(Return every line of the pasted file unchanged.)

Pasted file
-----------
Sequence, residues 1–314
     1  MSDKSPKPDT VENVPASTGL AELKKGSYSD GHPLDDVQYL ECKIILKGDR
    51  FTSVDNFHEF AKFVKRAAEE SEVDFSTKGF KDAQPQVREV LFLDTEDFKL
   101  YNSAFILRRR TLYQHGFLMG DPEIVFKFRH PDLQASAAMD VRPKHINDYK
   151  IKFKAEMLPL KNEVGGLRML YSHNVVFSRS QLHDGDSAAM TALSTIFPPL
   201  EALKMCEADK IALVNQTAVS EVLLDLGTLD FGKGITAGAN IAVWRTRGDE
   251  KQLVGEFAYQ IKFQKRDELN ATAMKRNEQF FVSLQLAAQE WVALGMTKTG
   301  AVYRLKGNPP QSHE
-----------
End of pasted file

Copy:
Sequence, residues 1–314
     1  MSDKSPKPDT VENVPASTGL AELKKGSYSD GHPLDDVQYL ECKIILKGDR
    51  FTSVDNFHEF AKFVKRAAEE SEVDFSTKGF KDAQPQVREV LFLDTEDFKL
   101  YNSAFILRRR TLYQHGFLMG DPEIVFKFRH PDLQASAAMD VRPKHINDYK
   151  IKFKAEMLPL KNEVGGLRML YSHNVVFSRS QLHDGDSAAM TALSTIFPPL
   201  EALKMCEADK IALVNQTAVS EVLLDLGTLD FGKGITAGAN IAVWRTRGDE
   251  KQLVGEFAYQ IKFQKRDELN ATAMKRNEQF FVSLQLAAQE WVALGMTKTG
   301  AVYRLKGNPP QSHE